Priscilla Kipp: 1969

marathonlitreview —  February 2, 2014 — Leave a comment

Sweltering sticky restaurant kitchen, floors slick from leaking buckets of fish. Hands everywhere, swiping food, wiping sweat, slamming trays, slapping bugs, sucking cigarettes. My first waitress job, the last summer we were the only hotel near the beach serving drinks. All those bright lights on the dry boardwalk couldn’t keep the thirsty singers happy. Our place down the coast road was their bug light.

Like Janis Joplin: purple feather boa around her neck craning over the bar, giggling nose-to-nose with Jack our good-looking bartender. 10 in the morning. Smiles and Southern Comfort sliding back and forth in smoke-hazy lounge light. I came in to steal some olives and a look at Jack. He was blind to me. My foot found that boa fluttering all the way down to the floor, and – oh, sorry! –  there she went sailing off her stool like another little piece of her heart, laughing as she fell on my naughty foot and pulling me right down with her. It was Jack who yelled for a towel, a towel for godsake can’t you see she’s bleeding? She and me, but she got the towel.

Iron Butterfly terrorized our chambermaids and hit the road before police arrived. Tiny Tim never left his room. We waitresses got organized and cheated the Beach Boys, overcharging
every item on their bill to jack up our percentage-based tips. Only Althea with her coke bottle glasses cried over the shame of it. Kept quiet, though, when we hid a tape recorder near their table, meaning to make more money with What The Beach Boys Said Over Lunch. Turned out to be mostly fuck this and fuck that and pass the ketchup, dumbaass. Althea was struck dumb.

It was the only summer I stayed at a boarding house with good old Oscar and Eva, who didn’t want me to use their kitchen, not that I could cook, but kept asking me to join them for
meals, boiled dinner, fried chicken, finnan haddie. Or, “Tea, dear? Have a cookie. You’re too thin!” Words I never heard at home.

Double shifts every chance I got, with harder work and better money at dinnertime: whiskey sours and lobster for the folks rich enough to avoid the beach-fried rabble on the boardwalk. I crossed railroad tracks walking to work, foggy mornings by the sea. What if my big white waitress shoe got wedged between the rails and the train I never heard coming came roaring at me out of the milky soup? Trains and my fear of Jack never noticing me: these were my only worries.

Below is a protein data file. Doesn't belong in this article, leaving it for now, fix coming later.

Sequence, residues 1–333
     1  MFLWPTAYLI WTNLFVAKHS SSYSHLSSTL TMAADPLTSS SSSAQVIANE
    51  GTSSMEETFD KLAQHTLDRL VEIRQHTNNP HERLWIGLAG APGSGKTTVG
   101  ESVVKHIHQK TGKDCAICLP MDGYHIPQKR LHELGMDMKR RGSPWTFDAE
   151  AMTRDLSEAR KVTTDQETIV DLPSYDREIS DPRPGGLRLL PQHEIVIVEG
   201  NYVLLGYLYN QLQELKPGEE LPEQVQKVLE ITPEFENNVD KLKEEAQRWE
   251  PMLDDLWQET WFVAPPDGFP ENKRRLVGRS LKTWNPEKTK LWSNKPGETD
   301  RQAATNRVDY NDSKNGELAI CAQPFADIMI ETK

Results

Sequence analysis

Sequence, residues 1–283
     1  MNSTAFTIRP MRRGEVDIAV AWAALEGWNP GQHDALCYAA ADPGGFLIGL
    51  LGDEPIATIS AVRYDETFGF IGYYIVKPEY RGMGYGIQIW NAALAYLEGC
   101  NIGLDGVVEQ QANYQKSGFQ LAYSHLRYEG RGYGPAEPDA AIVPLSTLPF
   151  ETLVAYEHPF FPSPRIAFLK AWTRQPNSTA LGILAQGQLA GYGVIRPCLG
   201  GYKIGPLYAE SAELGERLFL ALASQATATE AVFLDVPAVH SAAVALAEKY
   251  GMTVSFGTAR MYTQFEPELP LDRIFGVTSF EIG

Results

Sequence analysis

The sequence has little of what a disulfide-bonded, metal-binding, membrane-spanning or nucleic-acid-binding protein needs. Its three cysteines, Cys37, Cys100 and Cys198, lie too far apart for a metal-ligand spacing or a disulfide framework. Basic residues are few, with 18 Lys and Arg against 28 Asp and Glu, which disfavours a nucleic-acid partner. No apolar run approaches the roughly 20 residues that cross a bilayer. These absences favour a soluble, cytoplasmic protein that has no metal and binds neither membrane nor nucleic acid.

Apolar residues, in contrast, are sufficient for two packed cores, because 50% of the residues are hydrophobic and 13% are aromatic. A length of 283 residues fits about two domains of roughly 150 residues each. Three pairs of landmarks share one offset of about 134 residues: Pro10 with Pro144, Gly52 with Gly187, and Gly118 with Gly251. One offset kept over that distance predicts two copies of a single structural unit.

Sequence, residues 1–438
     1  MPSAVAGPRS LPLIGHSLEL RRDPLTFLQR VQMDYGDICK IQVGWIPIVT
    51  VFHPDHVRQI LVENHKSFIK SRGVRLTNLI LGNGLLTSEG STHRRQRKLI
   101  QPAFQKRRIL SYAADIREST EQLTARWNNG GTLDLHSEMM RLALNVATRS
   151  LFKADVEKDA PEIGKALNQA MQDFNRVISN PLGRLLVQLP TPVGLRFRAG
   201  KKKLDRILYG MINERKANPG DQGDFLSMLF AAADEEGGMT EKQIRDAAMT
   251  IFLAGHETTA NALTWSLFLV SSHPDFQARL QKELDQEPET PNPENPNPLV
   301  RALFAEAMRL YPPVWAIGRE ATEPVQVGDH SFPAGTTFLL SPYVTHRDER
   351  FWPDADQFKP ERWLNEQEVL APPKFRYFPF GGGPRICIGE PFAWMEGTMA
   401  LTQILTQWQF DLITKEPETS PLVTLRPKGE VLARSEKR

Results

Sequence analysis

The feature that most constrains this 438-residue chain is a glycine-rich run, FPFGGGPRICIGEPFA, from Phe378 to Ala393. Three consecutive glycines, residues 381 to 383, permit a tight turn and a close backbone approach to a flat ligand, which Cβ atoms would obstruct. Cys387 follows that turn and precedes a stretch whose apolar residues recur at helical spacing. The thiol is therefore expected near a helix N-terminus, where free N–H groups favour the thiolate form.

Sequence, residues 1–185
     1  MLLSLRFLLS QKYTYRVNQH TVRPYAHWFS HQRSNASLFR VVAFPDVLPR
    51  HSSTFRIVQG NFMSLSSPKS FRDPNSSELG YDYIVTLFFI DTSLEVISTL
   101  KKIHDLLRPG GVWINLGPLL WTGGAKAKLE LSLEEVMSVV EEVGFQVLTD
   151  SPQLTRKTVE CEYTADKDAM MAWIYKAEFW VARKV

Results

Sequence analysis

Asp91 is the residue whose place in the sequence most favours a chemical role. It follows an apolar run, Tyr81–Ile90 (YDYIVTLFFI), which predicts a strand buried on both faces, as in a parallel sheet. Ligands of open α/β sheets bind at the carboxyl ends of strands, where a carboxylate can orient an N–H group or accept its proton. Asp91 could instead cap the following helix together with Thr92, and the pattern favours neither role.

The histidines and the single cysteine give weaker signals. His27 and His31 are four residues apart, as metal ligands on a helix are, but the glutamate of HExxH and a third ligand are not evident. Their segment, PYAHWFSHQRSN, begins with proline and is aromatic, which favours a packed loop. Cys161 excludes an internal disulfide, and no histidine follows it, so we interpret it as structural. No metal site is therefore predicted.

Moon landing that hot July Sunday, seen from Oscar and Eva’s living room. Perfectly quiet but for the table fan and the static of those transmissions from space. “This is somethin,” Oscar in his tee shirt said from his recliner. Eva in her mumu nodded from hers and they turned to look at me. “Yes, it is,” I agreed, and tripped over the dog as I went flying out the door.

Fake ID for too much rum at the cheap Chinese place after work. Piled into somebody’s car for the short drive to the black beach with the high dunes for hiding. Jim the waiter passed
around a joint, to celebrate his birthday. All those mouths kissing it, damp and droopy when it got to me. Held it to my lips and coughed a lot, faking it. Jim had just been drafted and was on his way to boot camp, then ’Nam. He’d be dead by Christmas, when the draft became the lottery, too late for his fine high number to save him.

Jack the bartender drove me back, one arm crawling across the seat to my thigh, he so drunk and smug and me so ready to be loved. Every single light in the house still on and Oscar
shouting my name as I came stumbling through the door.

Hostess in her clicking heels always gave me the station nobody wanted, on the terrace so cramped and crowded that diners sat sideways in order to fit between tables. Legs had no place
to go but in my way. Stubbed a foot serving a bottle of beer and watched as it drizzled down a fat lady’s sunburned back. “Ooooh!” she squealed but didn’t even turn her head to add, “Thanks for cooling me off, haha.”

A stuck-out leg at another table sent six prime rib dinners sliding right off my tray. Plates and knees and potatoes up in the air and down on the floor. Everyone stopped eating. Kids covered their ears. Cook grabbed me as I limped into the kitchen. He ran the meat under the faucet, threw it all back on the fire and then back onto my tray. Jack the bartender slapped bandaids on my bloody knees. Tips made me rich that night and Jack let me wait for him in the parking lot.

I guess everyone loves a fallen waitress.

 

Priscilla Kipp’s work has appeared in Boston Sunday Globe Magazine; the Worcester, Berkshire and Foundling reviews; Night Train; Every Day Fiction; and others.

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